So often we have customers asking about security and what they can do to ensure their IT is as secure as it can be. This has become more of an issue with the concept of “Bring Your Own Device” and also with the massive demands for remote working.
As an Account Manager here at Virtual IT, a London based, IT support company offering a unique, fully-managed outsourced IT services, I speak to many clients on a daily basis. One of the questions I get asked with ever increasing regularity revolves around when or if the company owner/s should replace a users’ desktop or notebook computer.
Security is never far from the top of the agenda and a couple of stories that caught my eye recently brought this into focus.
Firstly – Associated Press (AP) who recently had their Twitter account hacked. The hacker then tweeted that there had been an explosion at the White House and that President Obama had been injured. This was rectified reasonably quickly but not before the US stock market took a dive based on this misinformation. AP managed to regain control of their twitter account in fairly short order, and I’m sure you’ll be pleased to know that the stock market also recovered, and the world didn’t implode on itself in the mass panic. The only real lasting effect of this as far as I can see was a significant amount of egg on the collective face of AP.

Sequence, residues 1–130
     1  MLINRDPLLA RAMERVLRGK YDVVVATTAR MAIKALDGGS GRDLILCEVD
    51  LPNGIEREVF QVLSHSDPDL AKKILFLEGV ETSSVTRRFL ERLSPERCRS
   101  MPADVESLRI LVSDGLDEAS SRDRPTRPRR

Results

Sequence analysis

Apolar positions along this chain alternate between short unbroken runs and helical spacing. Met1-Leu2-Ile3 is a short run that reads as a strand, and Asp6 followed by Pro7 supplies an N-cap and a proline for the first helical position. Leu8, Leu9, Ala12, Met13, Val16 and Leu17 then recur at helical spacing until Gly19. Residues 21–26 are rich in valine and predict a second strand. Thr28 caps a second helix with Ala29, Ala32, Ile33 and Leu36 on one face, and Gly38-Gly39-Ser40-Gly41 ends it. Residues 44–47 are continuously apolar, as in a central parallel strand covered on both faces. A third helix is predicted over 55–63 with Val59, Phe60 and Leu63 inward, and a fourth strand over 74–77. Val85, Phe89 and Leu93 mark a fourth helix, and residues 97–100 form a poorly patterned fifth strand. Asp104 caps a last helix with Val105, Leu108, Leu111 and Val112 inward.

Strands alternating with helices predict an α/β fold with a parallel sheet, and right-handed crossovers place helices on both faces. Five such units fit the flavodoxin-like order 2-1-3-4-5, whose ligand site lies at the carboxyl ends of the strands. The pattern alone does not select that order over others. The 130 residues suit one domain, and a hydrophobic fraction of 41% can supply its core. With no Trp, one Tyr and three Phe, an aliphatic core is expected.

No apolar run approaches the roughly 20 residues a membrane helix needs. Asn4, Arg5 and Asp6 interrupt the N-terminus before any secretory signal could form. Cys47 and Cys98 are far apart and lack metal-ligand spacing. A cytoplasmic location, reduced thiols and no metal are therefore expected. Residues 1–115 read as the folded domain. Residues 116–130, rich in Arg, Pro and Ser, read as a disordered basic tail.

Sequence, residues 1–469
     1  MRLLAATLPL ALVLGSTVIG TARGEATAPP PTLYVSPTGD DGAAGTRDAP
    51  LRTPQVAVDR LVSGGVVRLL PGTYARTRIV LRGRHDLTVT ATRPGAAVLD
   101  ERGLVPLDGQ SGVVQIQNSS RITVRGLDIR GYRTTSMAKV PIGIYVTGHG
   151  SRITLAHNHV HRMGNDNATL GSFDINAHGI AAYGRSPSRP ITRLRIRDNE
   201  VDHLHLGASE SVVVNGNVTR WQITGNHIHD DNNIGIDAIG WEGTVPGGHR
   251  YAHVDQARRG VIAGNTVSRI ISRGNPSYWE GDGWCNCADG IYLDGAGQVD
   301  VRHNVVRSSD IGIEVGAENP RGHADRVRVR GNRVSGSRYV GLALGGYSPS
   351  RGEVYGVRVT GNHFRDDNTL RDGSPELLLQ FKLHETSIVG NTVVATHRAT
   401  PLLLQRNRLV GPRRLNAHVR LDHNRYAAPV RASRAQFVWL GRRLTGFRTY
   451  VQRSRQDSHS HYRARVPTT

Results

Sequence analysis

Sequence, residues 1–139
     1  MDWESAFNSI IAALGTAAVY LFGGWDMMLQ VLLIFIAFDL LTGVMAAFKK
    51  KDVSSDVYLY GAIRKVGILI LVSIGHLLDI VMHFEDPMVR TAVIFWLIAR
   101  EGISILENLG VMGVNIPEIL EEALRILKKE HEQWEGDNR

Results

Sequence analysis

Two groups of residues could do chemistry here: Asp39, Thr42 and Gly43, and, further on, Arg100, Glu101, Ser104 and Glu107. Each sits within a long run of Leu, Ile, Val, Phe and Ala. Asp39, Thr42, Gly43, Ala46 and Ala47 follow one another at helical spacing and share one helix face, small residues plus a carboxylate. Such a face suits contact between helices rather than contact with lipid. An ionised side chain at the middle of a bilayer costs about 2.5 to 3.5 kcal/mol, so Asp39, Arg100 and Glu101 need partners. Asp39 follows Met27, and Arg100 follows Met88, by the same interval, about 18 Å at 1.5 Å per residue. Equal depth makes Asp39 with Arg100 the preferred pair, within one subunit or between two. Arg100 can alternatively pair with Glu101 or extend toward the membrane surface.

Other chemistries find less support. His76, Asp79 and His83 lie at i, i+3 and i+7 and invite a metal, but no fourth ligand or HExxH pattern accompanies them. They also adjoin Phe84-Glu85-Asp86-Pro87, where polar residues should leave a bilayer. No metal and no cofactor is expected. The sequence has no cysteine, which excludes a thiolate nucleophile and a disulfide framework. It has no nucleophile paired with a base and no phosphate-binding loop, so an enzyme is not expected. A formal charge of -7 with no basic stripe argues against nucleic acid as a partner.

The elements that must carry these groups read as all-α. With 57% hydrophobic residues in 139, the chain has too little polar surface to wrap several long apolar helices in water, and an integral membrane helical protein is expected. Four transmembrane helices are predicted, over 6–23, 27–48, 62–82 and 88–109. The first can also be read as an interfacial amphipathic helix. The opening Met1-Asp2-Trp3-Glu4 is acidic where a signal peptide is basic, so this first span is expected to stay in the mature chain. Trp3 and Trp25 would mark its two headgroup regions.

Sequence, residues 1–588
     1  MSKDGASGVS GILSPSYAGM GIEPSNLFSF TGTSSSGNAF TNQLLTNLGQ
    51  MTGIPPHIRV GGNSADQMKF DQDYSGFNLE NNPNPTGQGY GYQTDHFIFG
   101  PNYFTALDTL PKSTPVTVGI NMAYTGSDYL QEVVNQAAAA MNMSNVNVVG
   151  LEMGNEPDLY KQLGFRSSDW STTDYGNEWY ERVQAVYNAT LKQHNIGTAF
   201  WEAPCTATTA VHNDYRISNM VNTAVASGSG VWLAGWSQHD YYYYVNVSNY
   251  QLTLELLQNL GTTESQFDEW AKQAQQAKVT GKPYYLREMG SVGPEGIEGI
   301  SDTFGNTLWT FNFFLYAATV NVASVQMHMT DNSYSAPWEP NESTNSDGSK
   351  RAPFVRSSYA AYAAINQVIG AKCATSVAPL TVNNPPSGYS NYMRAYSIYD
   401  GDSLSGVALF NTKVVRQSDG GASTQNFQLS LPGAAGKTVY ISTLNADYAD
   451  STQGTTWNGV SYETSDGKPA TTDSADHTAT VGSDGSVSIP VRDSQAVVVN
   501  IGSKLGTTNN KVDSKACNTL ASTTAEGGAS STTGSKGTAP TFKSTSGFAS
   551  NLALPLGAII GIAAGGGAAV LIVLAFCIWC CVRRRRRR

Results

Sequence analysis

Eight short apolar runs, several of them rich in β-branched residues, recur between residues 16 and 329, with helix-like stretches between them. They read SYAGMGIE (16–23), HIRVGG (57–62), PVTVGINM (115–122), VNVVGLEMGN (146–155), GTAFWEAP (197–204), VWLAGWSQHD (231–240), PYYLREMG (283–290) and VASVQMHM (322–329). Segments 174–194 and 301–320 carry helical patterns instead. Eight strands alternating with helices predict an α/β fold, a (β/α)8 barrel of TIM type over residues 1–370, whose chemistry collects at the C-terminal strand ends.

With the arrival of all the new faster and larger hard drives over the last few years, many businesses have allowed their data to grow at a rapid rate with the view that the amount of storage can be expanded quite easily with the addition of a few new 1TB hard drives.
Business Continuity is one of those often bandied around terms. However, not many people understand it fully. There are many facets to Business Continuity and, contrary to popular belief, the IT elements of it are relatively few compared to the bigger picture of business operations.